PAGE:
In fact, make sure YOU are contributing to success with regular daily reading aloud TO your child. (Even your older children! Everyone loves to listen to a good story.)
7. She says she HATES reading. (Another of the most common types of reading problems, especially in today's digital world!)
If you have a child who is interested in bugs and beetles, maybe consider reading a book about - wait for it - bugs and beetles! Or WHATEVER their interests may be. Graphic novels or comics are a great idea for struggling readers, too.
I'd challenge you to let your child take a week or so OFF from reading, and instead YOU read to your child. Hit the "reset" button, and try to stir up interest again.
You can branch out from there and help your child expand their horizons based on book choice, but also, let them explore their interests and their world through the printed word to their heart's desire.
There is a story out there for every niche or subject under the sun. I mean, there is a story about EVERYTHING! Just check Amazon or your local library and you'll find a book about anything you can dream up. And, speaking of grabbing kids' attention in the digital age, be sure when you get your kid a tablet to dowload Audible so you can take advantage of audiobooks for your child.
At school, the teacher may require your child to read from their own "level" (I hate this, by the way, when done in a way that embarrasses a child or singles them out). But at home? No way, Jack! Let them read what they want. (Go ahead and throw in a book or two at the level of decoding they are at.)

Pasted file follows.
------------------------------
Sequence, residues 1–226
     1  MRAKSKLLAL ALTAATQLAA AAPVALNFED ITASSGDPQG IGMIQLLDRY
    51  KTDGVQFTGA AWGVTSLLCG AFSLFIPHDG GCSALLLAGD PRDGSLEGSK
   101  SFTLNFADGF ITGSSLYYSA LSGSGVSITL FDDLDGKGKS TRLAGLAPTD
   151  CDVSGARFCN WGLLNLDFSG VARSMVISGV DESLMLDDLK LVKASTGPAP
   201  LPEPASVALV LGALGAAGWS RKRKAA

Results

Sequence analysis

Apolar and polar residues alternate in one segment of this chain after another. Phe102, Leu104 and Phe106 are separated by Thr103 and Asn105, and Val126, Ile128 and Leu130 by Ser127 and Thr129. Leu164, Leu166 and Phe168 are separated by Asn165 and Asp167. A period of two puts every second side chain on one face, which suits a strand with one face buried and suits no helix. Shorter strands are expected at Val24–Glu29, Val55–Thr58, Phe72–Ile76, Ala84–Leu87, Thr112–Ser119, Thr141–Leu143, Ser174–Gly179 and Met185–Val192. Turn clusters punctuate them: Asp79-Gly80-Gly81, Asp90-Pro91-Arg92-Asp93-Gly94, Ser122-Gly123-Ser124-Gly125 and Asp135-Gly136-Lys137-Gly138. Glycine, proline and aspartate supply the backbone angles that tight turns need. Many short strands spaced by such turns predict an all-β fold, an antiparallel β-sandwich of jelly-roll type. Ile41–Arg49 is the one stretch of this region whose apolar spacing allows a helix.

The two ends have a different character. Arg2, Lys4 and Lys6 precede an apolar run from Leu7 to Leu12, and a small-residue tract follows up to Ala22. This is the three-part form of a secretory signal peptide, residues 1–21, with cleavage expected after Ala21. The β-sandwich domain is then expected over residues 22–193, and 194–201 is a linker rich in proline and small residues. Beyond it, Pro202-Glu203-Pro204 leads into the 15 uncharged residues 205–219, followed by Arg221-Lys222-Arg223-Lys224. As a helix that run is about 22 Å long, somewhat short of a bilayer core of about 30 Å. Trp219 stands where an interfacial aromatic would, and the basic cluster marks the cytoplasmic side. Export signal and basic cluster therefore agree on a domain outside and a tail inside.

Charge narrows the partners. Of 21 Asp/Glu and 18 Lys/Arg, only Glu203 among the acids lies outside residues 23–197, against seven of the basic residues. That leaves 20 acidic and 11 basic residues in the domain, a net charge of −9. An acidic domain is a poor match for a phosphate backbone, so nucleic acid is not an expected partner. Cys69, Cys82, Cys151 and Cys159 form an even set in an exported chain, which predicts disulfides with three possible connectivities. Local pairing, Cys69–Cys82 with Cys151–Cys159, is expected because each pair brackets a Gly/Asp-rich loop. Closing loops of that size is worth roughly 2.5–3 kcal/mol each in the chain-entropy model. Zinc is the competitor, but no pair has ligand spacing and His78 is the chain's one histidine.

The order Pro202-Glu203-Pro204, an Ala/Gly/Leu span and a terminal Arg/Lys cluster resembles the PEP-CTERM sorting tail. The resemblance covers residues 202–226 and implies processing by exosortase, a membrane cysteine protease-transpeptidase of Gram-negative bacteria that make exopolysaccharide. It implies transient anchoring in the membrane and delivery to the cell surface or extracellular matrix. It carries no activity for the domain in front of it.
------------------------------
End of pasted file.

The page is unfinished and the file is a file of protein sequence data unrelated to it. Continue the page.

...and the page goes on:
Speaking of this, research the difference between "leveled" books, and "decodable" books. Instead of leveled books, focus on decodable books that help your child become strong in areas of phonics that need work.
Another piece of advice I'd like to impart: When you read aloud, make sure you leave each night with a cliff-hanger. As you do read-alouds to your child, make sure there is something exciting to look forward to tomorrow.
OH! And another hint - whatever you are reading, read it IN CHARACTER. My Dad used to give us a choice: "funny or regular"? Of course, we always wanted the funny voice.
This is your opportunity to finally speak in that British accent that you love! Or to sound sinister and scary. Kids eat this stuff up - so easy and such awesome memories 🙂
What are some other reasons that you can think of that a child might not be a reader yet?
There are many, I am sure, such as other medical, emotional or developmental problems that I haven't listed. One thing rings true for all though: Be patient with your child and know that WHEN they learn to read is not as important as IF they do eventually learn to read. Look for progress.
I hope a couple of these reading problems and solutions gave you an idea as you seek to teach your child the greatest of all pastimes!